I’m pleased to report that the decking and steps were a complete success. For the three days that mum and dad were with us, mum had not one single issue getting in and out of the caravan. Dad even commented on how impressed he was that I built them myself. That filled my heart with joy! I’m immensely proud of all that I have achieved since we’ve embarked on this little project of ours, but to be honest, I am probably most proud of the decking and steps! They have made a real difference to us too! Whilst mum and dad were with us we used our 4-wheel drive to give them a guided tour of our land, and with both of us taking a turn in the driving seat, they got every detail of our plan and could see where things were going. It also showed them the scale of the project quite clearly. 13 acres doesn’t sound like a lot, but when you get to drive around it, it shows that actually, 13 acres is plenty to be going on with.
Once the royal visit was behind us, another deadline was fast approaching, and it required my full and immediate attention as soon as I had recovered from the cold that hit me hard on the last day that mum and dad were with us.
When we bought the land that is now Axe Head Farm it had two poles on it belonging to Western Power, providing electricity to our neighbours. A friend advised us that we could contact Western Power to negotiate over the poles and there being on our land. The poles had a way-leave on them, but that wasn’t a contract with us as the new owners. After checking this with someone from Adrian’s past who works in the legal profession, we were told not to waste our time. Given who that person was, was just the incentive we needed to crack on and see how we got on. After some stealthy negotiating and a long drawn out legal process, we were able to successfully negotiate a new deal with Western Power, and part of this new deal was to give us a very good price on getting two new poles and a shiny new transformer to provide power to the farm.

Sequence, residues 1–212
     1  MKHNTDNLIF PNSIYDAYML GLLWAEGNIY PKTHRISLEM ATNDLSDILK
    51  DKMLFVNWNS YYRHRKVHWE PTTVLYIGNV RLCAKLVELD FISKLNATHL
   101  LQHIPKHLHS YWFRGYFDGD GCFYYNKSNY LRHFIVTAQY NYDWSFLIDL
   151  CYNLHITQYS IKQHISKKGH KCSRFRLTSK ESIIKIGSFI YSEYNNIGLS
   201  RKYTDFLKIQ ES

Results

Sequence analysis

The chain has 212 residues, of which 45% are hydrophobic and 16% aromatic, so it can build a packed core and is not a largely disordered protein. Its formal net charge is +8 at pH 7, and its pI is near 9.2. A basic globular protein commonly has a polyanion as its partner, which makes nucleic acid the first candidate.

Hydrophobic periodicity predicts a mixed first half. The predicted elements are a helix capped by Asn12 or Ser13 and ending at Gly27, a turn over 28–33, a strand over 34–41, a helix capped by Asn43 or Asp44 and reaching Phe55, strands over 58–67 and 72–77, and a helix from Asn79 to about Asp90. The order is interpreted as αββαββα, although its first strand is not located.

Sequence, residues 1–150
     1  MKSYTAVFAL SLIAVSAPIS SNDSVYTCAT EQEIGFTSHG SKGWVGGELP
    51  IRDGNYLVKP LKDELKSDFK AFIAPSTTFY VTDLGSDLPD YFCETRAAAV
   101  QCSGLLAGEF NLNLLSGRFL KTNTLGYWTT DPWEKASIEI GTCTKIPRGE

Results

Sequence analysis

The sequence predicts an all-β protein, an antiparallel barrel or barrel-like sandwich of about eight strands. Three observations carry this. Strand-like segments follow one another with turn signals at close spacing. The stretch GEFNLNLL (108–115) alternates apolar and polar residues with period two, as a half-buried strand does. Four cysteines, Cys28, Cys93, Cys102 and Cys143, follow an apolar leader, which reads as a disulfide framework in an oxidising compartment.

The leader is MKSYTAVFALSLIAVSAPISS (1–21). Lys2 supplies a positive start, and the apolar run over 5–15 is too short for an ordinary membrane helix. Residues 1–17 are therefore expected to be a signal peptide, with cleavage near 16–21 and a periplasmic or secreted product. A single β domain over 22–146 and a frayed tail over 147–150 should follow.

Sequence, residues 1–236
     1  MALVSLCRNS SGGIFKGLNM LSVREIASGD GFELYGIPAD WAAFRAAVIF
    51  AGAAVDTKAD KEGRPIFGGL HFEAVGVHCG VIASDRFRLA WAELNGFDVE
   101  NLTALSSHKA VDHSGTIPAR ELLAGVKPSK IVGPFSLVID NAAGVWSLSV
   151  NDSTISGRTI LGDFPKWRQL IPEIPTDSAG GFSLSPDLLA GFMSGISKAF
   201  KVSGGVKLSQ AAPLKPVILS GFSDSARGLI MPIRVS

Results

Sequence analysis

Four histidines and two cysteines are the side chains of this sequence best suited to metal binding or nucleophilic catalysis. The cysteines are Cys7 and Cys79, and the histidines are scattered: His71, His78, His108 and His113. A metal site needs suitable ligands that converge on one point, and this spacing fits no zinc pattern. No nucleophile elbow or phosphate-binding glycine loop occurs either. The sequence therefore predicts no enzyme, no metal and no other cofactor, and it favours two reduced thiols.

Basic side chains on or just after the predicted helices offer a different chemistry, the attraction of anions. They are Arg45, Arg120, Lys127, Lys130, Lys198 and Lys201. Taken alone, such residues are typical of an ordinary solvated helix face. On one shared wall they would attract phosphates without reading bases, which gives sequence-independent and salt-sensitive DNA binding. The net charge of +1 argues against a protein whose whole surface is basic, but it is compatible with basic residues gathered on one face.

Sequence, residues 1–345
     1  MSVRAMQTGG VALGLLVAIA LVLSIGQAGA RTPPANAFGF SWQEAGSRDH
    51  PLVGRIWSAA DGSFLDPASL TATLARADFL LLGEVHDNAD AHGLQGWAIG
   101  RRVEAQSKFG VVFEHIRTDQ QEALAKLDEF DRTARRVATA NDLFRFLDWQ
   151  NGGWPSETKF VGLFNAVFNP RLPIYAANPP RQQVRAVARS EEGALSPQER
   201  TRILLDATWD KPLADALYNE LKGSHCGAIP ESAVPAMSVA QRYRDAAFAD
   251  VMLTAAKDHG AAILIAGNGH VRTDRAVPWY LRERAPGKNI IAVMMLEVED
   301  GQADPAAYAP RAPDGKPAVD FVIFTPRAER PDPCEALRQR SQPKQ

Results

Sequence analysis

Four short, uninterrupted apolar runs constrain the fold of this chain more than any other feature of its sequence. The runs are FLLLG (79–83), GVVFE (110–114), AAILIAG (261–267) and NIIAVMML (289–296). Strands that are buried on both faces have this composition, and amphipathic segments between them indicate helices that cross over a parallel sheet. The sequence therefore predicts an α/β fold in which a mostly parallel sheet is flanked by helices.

My job was to dig a trench 70 metres long and a metre deep, lay some ducting in the trench with a draw rope through it for the cable, erect a board to mount the meter box on and be ready for the power company to come and do the rest!
It’s fair to say, I love playing with heavy machinery! What I love significantly less, is when the weather turns and the mini-digger ends up making a right old mess every time you manoeuvre it in to your next position for digging. I had just two days of good digging weather, but as you can see from the photo, despite Mother Natures best efforts to ruin my work, I persevered and got the job done. Getting the draw rope through the duct is another story, and proved far more difficult than I was led to believe. I got there in the end though, because where there’s a will there’s a way!! Oh, okay, so in reality, I hired a cobra reel sufficiently long enough. The carrier bag tied to the rope and sucked through the duct by a vacuum cleaner was a massive fail. There isn’t a vacuum cleaner in the world with sufficient suck to pull a rope and carrier bag 70 metres it would seem.
By the end of the weeks hire on the mini-digger the 70 metre trench was completed. Thanks to the help of the Western Power team of Adrian, Eddie and Billy, the duct was laid out and the trench was partially back filled to keep the ducting down. Once the draw rope was through another group of Western Power lads came and pulled the cable through the duct, and I was able to complete the back filling of the trench. My part in the process was over. All I had to do now was wait for the day that the transformer was to be attached to the pole and the power supply edged ever closer to the caravan.